Activists, citing tape from chicken plant, pursue cruelty charges against Perdue

Updated Oct. 29, 2004, 10:56 a.m. ET

ANNAPOLIS, Md. (AP) — An animal advocacy group wants prosecutors to press animal cruelty charges against Perdue Farms Inc., after an activist secretly videotaped chickens flapping wildly after their throats were slit on a processing line.

The activist worked from Sept. 16 to Oct. 1 at a processing plant in Showell, a complex that Perdue is closing next week to streamline operations. The animal rights group filed a complaint this week with the local sheriff and state's attorney's office.

The seven-minute videotape shows piles of live chickens being shoved and thrown down a processing line. They are shown hanging upside down as their throats are slit. Afterward, the cut birds flap wildly.

"From the very first day our investigator worked, he saw animal cruelty on a regular basis," said Paul Shapiro, campaigns director for the nonprofit Compassion Over Killing.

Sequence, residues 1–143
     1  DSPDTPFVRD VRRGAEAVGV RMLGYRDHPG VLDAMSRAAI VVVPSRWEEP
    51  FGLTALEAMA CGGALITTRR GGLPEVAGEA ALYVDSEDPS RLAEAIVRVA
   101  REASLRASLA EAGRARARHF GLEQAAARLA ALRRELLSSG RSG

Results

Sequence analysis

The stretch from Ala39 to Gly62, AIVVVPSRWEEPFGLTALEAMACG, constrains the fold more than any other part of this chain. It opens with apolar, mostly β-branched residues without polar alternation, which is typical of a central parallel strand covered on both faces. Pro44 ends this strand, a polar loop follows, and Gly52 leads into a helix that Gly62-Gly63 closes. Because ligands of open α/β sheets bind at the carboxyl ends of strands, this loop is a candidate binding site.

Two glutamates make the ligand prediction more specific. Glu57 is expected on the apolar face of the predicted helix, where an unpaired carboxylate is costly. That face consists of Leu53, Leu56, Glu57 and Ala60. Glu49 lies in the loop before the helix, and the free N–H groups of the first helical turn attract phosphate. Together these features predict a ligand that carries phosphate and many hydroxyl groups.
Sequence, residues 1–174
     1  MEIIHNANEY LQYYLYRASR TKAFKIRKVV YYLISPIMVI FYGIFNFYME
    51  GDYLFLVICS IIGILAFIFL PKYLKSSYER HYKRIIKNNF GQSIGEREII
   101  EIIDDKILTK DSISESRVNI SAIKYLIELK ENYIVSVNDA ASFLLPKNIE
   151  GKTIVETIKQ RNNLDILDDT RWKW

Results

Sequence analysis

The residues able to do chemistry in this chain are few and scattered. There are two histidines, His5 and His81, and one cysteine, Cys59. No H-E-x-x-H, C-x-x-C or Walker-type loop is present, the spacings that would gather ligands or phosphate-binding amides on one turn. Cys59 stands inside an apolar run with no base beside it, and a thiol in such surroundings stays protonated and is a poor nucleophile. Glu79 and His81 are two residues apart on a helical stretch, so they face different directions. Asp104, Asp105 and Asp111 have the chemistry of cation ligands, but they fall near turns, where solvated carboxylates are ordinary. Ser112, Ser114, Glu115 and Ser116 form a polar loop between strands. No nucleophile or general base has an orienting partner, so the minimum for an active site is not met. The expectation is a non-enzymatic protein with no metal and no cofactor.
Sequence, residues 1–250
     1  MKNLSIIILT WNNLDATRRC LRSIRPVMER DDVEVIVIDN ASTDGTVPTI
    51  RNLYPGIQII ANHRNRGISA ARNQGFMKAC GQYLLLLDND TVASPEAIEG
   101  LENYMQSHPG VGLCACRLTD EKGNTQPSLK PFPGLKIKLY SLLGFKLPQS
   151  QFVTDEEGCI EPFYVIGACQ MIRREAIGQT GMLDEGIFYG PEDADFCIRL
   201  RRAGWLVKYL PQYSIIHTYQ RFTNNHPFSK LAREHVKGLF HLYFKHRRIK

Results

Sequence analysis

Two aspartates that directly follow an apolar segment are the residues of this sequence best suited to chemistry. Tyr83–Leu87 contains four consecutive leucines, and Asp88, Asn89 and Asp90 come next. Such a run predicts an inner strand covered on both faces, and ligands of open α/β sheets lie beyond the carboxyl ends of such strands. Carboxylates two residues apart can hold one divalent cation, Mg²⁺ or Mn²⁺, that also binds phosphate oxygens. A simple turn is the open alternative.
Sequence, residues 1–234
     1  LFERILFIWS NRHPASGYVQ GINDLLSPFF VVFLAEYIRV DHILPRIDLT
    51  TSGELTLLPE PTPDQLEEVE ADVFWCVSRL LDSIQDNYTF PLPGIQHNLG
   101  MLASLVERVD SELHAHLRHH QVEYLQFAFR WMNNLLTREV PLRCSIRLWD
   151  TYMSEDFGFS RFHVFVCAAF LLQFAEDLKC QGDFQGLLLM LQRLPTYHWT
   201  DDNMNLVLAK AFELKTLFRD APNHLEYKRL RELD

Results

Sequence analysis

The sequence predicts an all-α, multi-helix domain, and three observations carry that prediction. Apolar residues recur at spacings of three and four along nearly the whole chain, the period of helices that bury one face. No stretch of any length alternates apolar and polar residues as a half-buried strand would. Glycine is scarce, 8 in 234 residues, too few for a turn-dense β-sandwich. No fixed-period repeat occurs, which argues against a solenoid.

The group says it will use the tape to press KFC to require humane animal treatment by its suppliers, which include Salisbury-based Perdue. KFC officials said Thursday they purchase only 2 percent of their products from Perdue; both companies said none of Showell's chickens go to KFC, a subsidiary of Louisville, Ky.-based Yum Brands Inc.

Perdue officials say they saw no "intentional cruelty" in the videotape, and that the workers have since been shown how to handle the animals with more care.

"There are some incidents in the video in which associates should have handled birds with greater care, and we have counseled those associates," said Bruce Stewart-Brown, a veterinarian who serves as Perdue's vice president of food safety and quality.

But the animal rights group believes footage and daily logs kept by its investigator show enough evidence of inhumane treatment to merit prosecution under Maryland's animal cruelty statute.

State's attorney Joel Todd's office said prosecutors wouldn't handle the case until it was investigated by deputies. Worcester County Sheriff Charles Martin was out of the office and unavailable for comment.

The Showell plant processes 25.5 million chickens a year. Perdue is the third-largest poultry producer in the United States.